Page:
-In the preparation of pigments by the methods heretofore employed, the resulting powdered pigment when incorporated with a vehicle, such as linseed-oil or other drying and semi-drying oil, yields a paint surface which frequently is not as smooth and fine-grained as desired, due to the existence of agglomerated particles of the pigment. This agglomeration persists to an undesirable extent despite the grinding of the pigment in oil. I have found that by adding suitable quantities of certain organic compounds (for example, oleic acid, stearic acid, palmitic acid, lauric acid and the sodium, potassium, magnesium, calcium and'ammonium salts of alginic acid) to a suspension of a pigment in water the tendency for the pigment particles to agglomerate is largely diminished, and when the pigment containing these organic compounds is ground in a vehicle asa paint, the paint film produced therefrom 1 is smoother and freer from grains or coarse par- 40 ticles and results in a very smooth paint job. The effects of additions of small quantities of these fatty acids to the pigment may be attributed to a change in the surface tension of the individual particles of pigment by the presence of 5 these .fatty acids so that, there is no longer any tendency for these particles to collect in clusters or -agglomerates. It appears that these organic compounds coat the particles of pigment, acting as protective colloids and change the surface ten- 5 sionof the particles so that theydo not ag- 'glomerate. The quantity of protective colloid employed in my special process may vary from 0.05% to 1% depending upon the-pigment and colloid employed. When employing oleic or 55 stearic acid as a colloid with a pigment such as zinc oxide, colloid material equal to 0.1% of the weight of the pigment has been found very satisfactory. The fatty acids which I have found suitable for this purpose are those which are solid at. ordinary 5 temperatures and contain not over 18 carbon atoms.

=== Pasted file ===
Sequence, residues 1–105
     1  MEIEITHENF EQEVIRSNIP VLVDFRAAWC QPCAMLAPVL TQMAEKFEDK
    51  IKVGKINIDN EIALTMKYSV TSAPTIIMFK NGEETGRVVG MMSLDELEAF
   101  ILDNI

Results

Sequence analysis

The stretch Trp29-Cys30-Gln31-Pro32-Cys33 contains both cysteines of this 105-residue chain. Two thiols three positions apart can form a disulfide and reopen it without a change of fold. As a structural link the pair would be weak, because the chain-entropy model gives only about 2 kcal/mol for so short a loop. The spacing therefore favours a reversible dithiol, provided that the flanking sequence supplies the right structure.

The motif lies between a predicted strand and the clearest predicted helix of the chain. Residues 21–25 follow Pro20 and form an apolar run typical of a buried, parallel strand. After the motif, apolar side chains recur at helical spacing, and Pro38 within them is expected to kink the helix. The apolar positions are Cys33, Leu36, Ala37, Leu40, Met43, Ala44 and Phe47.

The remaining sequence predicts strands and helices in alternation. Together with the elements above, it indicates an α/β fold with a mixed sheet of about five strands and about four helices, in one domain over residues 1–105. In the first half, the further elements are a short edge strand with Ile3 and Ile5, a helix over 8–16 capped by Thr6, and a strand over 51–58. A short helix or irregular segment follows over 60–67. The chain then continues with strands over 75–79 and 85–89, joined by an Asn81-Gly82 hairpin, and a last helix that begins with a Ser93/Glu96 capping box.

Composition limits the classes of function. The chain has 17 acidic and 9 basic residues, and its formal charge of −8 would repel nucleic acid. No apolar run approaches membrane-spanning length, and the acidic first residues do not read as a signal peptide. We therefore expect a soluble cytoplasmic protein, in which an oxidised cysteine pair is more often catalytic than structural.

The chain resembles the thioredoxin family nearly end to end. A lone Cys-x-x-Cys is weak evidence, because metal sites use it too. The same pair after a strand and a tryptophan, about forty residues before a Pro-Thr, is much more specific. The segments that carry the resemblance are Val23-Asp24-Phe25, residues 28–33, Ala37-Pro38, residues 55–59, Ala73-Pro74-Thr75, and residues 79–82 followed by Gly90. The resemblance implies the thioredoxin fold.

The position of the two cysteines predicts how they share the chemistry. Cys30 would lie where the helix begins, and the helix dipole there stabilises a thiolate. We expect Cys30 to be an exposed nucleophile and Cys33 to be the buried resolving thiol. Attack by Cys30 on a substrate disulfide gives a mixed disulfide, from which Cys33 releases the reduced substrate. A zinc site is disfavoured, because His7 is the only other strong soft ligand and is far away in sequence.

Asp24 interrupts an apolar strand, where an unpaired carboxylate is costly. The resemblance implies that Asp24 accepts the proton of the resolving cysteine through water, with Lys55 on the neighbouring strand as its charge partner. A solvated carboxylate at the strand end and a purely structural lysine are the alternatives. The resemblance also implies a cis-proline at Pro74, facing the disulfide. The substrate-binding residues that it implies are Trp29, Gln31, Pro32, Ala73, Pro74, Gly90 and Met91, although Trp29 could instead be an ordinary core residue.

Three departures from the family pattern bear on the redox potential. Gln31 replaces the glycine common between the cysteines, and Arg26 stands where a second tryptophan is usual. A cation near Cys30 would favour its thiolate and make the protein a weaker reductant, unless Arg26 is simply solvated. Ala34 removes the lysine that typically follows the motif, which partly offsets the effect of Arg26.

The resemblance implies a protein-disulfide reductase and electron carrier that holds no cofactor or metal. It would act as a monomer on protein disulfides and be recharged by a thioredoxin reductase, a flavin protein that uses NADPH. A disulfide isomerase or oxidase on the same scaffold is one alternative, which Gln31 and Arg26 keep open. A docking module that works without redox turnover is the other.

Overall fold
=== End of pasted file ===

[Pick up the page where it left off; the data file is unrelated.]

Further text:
A specific example of carrying out this invention is as follows: To a warm, wet, slurry of zinc oxide in water there is added about 0.1%